Thursday, September 15, 2005
This may well be the single greatest video accomplishment of all time. Click on this link and watch the four video clips. I couldn't order mine fast enough!
Tuesday, September 13, 2005
Shaq assists police in arrest of man accused of assaulting gay couple
September 13, 2005
MIAMI BEACH, Fla. (AP) -- Shaquille O'Neal provided an assist to police over the weekend, trailing a man who allegedly assaulted a gay couple before alerting an arresting officer.
The 7-foot-1 Miami Heat center, who is in the process of becoming a Miami Beach reserve officer, was driving on South Beach around 3 a.m. Sunday. He saw a passenger in a car yell anti-gay slurs at the couple, who were walking, said Bobby Hernandez, a spokesman for the Miami Beach Police Department.
The man then got out of the car and threw a bottle, hitting one of the pedestrians, who was not seriously hurt. The man got back in the car, which sped off. O'Neal followed, flagging down an officer who made an arrest, Hernandez said. Michael Gonzalez, 18, was arrested on charges of aggravated assault and assault with a deadly weapon. The driver of the car was not charged.
O'Neal, who hopes to be a police chief or county sheriff one day, was already being fitted for his Miami Beach police uniform before he helped the police out.
``For this incident I don't want to be credited as an individual who does police work,'' O'Neal said in a statement. ``I want to be credited as a Miami Beach police officer.
I always wondered about this....
Forensic TV shows help criminals escape police?
LONDON (Reuters) - Television shows like CSI: Crime Scene Investigation, depicting forensic scientists at work, are helping criminals avoid identification, New Scientist magazine said on Wednesday.
Not only are the criminals getting detailed insights into police detection methods and how to avoid them, but the shows have led juries to expect too much certainty from scientific witnesses.
"Jurors who watch CSI believe that those scenarios, where forensic scientists are always right, are really what happens," the magazine quoted forensic sedimentologist Peter Bull from Oxford University as saying.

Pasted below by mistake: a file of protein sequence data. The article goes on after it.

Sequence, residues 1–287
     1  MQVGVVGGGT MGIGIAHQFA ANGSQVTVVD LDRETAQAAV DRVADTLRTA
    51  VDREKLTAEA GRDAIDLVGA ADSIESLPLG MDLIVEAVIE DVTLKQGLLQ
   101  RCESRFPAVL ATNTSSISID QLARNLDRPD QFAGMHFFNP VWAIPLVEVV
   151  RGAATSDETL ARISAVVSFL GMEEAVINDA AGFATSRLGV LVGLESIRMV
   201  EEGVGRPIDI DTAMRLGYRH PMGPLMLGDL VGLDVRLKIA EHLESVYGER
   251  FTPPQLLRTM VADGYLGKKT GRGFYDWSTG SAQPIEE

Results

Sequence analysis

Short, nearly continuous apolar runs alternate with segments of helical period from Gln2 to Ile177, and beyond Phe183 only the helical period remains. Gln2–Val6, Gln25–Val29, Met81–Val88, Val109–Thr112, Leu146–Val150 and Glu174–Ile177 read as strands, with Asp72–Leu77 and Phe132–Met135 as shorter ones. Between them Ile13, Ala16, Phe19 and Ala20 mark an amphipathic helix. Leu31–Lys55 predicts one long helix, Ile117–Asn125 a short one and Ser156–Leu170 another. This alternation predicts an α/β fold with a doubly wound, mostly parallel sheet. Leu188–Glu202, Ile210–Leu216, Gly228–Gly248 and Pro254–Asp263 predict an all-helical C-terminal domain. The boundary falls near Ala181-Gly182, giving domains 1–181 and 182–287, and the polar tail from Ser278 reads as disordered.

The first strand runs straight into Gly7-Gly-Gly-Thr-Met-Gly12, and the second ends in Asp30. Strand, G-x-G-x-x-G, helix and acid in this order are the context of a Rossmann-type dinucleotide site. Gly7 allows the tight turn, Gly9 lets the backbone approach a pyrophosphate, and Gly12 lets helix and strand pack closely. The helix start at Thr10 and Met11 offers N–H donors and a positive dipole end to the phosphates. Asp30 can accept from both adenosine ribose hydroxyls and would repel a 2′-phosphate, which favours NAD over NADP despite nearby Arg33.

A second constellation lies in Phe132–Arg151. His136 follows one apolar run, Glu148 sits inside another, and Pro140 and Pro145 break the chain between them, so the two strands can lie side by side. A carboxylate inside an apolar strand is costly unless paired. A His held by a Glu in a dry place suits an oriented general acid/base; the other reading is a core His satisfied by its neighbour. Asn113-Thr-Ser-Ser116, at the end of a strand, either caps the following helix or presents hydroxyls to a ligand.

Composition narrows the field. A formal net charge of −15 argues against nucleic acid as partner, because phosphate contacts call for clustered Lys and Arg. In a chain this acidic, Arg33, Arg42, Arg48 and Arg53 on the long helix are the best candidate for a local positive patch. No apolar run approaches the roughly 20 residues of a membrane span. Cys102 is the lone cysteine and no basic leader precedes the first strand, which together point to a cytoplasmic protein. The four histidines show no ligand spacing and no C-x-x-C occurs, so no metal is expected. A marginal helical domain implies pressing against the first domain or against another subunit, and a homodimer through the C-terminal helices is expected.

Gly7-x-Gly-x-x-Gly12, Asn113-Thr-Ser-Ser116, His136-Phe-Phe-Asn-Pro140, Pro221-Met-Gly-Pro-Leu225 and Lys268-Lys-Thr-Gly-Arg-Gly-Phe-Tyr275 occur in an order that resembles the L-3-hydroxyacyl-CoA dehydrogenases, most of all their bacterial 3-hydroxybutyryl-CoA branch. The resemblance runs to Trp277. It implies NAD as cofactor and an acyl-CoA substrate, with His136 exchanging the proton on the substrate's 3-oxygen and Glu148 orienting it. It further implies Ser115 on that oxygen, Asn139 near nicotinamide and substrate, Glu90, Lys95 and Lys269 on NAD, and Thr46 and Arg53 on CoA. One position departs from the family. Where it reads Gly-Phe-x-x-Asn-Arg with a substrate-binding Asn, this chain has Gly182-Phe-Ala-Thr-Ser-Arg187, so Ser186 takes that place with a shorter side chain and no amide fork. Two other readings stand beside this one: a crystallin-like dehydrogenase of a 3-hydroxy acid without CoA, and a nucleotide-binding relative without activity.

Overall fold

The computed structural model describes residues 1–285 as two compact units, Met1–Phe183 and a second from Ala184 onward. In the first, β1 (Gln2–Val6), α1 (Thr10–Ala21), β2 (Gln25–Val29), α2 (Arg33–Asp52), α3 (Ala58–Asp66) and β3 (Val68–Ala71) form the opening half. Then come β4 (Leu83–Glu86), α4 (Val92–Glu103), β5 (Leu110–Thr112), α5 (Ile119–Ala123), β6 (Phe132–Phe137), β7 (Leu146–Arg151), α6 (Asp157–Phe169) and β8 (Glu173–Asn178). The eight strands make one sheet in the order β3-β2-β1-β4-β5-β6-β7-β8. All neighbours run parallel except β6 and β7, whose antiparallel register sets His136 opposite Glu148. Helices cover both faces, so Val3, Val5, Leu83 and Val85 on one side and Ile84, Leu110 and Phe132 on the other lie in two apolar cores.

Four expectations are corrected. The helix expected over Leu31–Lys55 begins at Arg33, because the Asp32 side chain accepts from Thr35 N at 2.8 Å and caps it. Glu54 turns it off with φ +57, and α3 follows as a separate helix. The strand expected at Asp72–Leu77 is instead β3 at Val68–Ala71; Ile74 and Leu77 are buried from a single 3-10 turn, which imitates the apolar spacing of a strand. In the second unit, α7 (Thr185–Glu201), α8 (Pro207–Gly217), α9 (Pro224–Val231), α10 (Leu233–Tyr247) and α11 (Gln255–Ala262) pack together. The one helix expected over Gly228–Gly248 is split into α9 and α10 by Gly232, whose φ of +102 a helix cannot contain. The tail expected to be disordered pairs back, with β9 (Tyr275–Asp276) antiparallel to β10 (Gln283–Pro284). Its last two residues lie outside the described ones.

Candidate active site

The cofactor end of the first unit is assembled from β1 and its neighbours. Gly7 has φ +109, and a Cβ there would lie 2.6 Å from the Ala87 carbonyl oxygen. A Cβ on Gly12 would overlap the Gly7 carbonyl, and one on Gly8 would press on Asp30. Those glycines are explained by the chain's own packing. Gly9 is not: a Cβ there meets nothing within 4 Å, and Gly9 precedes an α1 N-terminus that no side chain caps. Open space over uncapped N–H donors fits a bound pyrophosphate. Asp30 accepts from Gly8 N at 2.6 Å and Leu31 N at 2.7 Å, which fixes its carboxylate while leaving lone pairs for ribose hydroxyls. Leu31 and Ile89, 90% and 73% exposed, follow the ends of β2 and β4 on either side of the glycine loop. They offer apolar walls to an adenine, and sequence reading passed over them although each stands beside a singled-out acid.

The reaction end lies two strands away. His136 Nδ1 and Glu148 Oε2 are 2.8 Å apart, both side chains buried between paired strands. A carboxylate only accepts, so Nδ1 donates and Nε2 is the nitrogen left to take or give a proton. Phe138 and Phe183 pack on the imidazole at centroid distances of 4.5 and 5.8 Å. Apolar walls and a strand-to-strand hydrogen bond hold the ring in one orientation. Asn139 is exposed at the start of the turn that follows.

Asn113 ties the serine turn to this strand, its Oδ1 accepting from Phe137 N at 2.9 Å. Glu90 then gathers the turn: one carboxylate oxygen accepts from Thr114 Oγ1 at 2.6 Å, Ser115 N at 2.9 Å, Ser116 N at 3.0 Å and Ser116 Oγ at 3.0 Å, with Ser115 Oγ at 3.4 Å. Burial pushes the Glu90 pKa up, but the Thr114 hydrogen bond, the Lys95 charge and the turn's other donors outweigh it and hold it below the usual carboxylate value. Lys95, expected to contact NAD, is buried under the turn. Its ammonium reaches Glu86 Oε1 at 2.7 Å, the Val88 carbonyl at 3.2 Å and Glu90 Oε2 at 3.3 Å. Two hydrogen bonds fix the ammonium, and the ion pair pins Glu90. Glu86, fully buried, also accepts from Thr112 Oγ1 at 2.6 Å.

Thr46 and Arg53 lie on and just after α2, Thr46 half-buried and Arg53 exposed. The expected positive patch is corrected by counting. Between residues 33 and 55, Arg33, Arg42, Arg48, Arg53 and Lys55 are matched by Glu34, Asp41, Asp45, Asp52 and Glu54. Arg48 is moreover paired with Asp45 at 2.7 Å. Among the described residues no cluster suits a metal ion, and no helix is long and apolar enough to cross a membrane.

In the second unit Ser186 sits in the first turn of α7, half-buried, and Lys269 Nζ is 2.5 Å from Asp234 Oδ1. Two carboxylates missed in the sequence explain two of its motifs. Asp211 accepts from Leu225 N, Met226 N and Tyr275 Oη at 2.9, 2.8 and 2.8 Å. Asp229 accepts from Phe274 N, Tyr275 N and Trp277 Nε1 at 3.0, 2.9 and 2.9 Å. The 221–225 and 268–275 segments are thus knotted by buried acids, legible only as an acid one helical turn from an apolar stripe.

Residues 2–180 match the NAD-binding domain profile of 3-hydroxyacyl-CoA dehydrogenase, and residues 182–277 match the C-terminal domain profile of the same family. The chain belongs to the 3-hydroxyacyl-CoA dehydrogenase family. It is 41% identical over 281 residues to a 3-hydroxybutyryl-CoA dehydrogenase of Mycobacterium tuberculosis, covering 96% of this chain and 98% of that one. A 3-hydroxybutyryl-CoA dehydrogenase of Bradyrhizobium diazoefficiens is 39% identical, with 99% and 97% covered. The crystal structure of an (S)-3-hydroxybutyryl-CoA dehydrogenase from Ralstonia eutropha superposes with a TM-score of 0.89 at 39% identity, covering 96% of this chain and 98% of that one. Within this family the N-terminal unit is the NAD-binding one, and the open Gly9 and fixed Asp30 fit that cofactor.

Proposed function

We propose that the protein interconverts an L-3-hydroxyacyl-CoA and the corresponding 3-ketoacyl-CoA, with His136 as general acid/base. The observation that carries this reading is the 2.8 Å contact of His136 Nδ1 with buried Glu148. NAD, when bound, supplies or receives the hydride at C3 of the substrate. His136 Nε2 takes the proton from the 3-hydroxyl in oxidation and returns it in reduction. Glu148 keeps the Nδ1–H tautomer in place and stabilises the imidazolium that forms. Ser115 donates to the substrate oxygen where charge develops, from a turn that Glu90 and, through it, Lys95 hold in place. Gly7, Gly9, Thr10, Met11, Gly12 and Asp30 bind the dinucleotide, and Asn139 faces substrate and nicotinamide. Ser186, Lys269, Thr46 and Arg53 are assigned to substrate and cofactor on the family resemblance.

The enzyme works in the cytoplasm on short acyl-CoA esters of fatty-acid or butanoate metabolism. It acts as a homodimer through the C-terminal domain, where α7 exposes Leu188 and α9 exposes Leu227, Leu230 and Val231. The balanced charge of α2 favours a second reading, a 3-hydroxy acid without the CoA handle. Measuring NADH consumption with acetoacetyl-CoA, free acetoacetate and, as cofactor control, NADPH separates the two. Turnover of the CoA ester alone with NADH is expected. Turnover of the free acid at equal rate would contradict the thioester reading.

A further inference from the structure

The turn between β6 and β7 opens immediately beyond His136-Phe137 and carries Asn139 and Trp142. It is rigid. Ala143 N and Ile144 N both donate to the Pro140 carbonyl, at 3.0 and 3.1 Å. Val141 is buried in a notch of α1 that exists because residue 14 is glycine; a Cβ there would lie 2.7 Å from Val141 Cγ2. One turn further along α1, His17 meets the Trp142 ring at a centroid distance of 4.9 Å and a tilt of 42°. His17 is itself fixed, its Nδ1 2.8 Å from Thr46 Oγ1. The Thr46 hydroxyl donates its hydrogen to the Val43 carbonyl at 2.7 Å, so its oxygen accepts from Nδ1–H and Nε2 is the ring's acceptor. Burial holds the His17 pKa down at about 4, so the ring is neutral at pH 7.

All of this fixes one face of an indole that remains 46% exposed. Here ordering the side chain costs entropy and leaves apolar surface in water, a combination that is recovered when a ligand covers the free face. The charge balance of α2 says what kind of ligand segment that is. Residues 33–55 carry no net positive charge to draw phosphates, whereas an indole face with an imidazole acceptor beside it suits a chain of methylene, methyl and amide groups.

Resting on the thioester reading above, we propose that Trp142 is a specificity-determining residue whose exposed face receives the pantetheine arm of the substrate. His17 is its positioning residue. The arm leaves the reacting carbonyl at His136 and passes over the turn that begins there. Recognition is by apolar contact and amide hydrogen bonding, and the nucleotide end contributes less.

His view was echoed by Jim Fraser, director of the Center for Forensic Studies at the University of Strathclyde in Scotland. He said the CSI effect had placed extra burdens on the painstaking work of the forensic scientists.
"Oversimplification of interpretations on CSI has led to false expectations, especially about the speed of delivery of forensic evidence," he told the magazine.
Shows which pride themselves on closely following real police practice are giving criminals valuable tips.
"People are forensically aware," said Guy Rutty from the Forensic Pathology unit at Leicester University.
Burglars were wearing gloves during break-ins and rapists were using condoms to avoid leaving DNA evidence.
Car thieves had even taken to leaving cigarette butts from bins in stolen cars to muddy the forensic trail.
"Suddenly the police have 20 potential people in the car," Rutty said.
BERLIN (Reuters) - A German brewer has concocted what he says is the world's strongest beer, a potent drink with an alcohol content of 25.4 percent that is served in a shot glass.
"Everyone who has tried it is enthusiastic. It tastes like a quirky mixture of beer and sherry," said Bavarian brewer Harald Schneider.
Schneider, who lives in southern Germany where beer is a tradition, said his beer fermented for 12 weeks for an alcohol content twice that of Germany's other strongest beers.
"People will only be able to drink two or three glasses, otherwise they'll drop like flies," he said.
Schneider expects the holders of the world's strongest beer, the Boston Beer Company, to put up a fight.
"I'm pretty sure the Americans have something up their sleeve."